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Raspberry Pi + LED + Photodiode + Fidget Spinner

Story location: Home / computing / raspberry_pi /
05/Jun/2017

Several years ago I had the idea of using a camera or light sensor to measure how fast a hamster runs in a wheel. I never actually did anything about it but I recently saw a fidget spinner in action and decided to measure its speed using LEDs and a photodiode.

The setup

The circuit was incredibly simple. At first I thought I might need to connect the photodiode to an amplifier or schmitt trigger or something like that but when I pointed the LED directly into the photodiode and attached the voltmeter to the latter, the voltage went close to zero when I blocked the light and went over 3v when I let the light through. It looked like I could just connect the photodiode directly to a GPIO pin of the Raspberry Pi to measure when the light path was blocked.

The next step was to write some code to detect when the GPIO pin changed state and to measure the frequency. When I logged into the Pi, I found a script which actually did exactly that. I'm not entirely sure where this came from. I may have adapted it from a C exmaple from the pigpio project but I can't actually remember. It uses NumPy to calculate the average.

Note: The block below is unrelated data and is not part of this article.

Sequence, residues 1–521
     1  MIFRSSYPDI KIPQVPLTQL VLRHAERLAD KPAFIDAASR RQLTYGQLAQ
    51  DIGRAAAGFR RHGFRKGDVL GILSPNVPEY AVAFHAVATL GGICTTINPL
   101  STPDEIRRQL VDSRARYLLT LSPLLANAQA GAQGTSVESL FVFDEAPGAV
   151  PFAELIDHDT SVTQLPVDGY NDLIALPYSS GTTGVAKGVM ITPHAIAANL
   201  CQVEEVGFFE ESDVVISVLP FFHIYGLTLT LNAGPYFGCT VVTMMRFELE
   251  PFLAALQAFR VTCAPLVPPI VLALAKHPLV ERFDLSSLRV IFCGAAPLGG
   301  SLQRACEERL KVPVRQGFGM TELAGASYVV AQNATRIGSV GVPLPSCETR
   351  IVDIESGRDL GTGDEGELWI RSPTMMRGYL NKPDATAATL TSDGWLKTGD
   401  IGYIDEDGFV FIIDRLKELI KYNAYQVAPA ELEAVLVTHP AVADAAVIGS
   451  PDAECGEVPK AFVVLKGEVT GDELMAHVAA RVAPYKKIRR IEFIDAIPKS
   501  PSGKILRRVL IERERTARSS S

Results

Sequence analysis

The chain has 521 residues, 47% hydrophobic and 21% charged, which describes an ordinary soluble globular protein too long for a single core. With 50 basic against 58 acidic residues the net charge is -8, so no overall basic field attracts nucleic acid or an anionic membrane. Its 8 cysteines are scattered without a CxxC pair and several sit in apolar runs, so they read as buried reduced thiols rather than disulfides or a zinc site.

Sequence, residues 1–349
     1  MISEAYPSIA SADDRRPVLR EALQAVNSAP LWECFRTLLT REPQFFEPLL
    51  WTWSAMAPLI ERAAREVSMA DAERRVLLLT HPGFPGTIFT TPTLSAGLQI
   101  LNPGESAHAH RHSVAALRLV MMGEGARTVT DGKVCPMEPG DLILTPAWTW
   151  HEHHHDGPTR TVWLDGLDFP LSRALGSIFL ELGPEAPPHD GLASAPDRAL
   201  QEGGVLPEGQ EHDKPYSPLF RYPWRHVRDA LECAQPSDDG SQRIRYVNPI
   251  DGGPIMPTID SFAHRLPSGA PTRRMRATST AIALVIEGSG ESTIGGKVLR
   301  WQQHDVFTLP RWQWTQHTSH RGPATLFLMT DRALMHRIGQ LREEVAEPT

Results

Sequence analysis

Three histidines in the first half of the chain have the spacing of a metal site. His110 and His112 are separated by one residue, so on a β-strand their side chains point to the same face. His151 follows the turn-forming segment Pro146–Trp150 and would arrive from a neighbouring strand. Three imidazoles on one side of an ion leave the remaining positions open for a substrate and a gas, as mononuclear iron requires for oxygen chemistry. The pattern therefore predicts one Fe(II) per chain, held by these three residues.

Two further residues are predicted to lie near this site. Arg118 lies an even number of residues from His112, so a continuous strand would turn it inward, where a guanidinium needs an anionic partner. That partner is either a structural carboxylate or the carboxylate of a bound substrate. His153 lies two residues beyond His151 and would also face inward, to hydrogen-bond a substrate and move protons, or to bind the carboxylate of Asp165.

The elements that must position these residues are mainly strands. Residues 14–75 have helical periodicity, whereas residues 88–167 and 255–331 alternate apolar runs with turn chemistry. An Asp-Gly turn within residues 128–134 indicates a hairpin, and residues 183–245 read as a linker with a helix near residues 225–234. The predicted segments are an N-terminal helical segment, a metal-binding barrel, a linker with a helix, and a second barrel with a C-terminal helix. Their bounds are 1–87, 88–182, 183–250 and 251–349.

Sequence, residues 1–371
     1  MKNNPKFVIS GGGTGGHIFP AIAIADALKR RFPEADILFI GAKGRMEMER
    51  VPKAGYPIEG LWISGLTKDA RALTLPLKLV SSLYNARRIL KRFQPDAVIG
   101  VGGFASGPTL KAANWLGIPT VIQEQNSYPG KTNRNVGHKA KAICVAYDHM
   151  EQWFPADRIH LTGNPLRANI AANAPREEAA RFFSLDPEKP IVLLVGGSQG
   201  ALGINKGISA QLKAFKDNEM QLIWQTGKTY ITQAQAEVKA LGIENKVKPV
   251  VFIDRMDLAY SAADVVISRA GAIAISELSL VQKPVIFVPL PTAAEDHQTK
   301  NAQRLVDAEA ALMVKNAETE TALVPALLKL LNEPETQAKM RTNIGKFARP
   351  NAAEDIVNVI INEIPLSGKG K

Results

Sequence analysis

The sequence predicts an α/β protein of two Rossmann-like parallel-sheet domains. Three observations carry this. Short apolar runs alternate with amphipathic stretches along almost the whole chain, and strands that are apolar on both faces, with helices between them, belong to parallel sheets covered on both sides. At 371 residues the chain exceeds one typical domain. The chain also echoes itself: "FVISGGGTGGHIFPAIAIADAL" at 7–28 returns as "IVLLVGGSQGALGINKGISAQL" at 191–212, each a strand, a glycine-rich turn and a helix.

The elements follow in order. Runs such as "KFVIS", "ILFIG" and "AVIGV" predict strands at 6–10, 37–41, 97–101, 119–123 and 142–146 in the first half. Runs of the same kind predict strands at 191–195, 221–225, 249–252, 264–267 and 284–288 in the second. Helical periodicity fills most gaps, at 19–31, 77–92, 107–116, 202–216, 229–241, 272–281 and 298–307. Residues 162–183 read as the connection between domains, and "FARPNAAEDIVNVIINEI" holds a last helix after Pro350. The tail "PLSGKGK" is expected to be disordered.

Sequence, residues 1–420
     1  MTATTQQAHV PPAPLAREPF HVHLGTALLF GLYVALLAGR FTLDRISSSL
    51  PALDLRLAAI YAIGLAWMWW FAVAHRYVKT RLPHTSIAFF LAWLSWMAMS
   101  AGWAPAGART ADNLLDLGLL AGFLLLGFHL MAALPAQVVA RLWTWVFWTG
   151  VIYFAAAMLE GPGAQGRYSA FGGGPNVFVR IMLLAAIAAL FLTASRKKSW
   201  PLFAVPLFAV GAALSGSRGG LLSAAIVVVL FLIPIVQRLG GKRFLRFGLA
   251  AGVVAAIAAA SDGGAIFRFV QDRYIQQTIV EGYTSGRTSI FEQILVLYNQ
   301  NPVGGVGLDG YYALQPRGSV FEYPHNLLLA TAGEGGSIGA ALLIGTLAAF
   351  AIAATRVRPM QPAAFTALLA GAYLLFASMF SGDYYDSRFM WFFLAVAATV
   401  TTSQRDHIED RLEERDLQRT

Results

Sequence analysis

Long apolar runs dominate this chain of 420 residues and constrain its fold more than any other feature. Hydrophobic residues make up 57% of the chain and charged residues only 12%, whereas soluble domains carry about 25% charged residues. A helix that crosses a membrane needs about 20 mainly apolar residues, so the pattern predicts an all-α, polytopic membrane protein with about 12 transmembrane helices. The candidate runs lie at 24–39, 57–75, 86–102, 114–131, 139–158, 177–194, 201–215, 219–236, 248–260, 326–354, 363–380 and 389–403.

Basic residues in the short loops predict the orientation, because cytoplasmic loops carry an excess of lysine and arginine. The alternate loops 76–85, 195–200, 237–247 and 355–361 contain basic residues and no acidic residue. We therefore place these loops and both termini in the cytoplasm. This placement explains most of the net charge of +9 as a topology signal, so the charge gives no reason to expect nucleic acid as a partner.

Wiring it up

Connecct the LED to the 3.3V output of the Pi, through a 220 ohm resistor. Connect the photodiode 'in reverse': the long leg to GPIO 26 of the Raspberry Pi and the short leg to the 3.3v supply. When the light level is low, the photodiode will act like a normal diode and block the current. When the light level is high, the current will flow and the GPIO pin will detect a 'high' signal.

Results

Spinning

I fired up the edge.py script, started the figet spinner and lowered it into into the light beam. I had to be careful to avoid it touching the breadboard, the LED or the photodiode so I almost certainly didn't manage to spin it as fast as I could. I ran the script a few times and got numbers between 30-50 Hz. Since the spinner had 3 lobes, this means that it was only spinning between 10 and 15 times per second.

Matt Parker has a video where he uses a spectrum analyser to measure the frequency of the spinner. He uses a compressed air can to reach much higher speeds.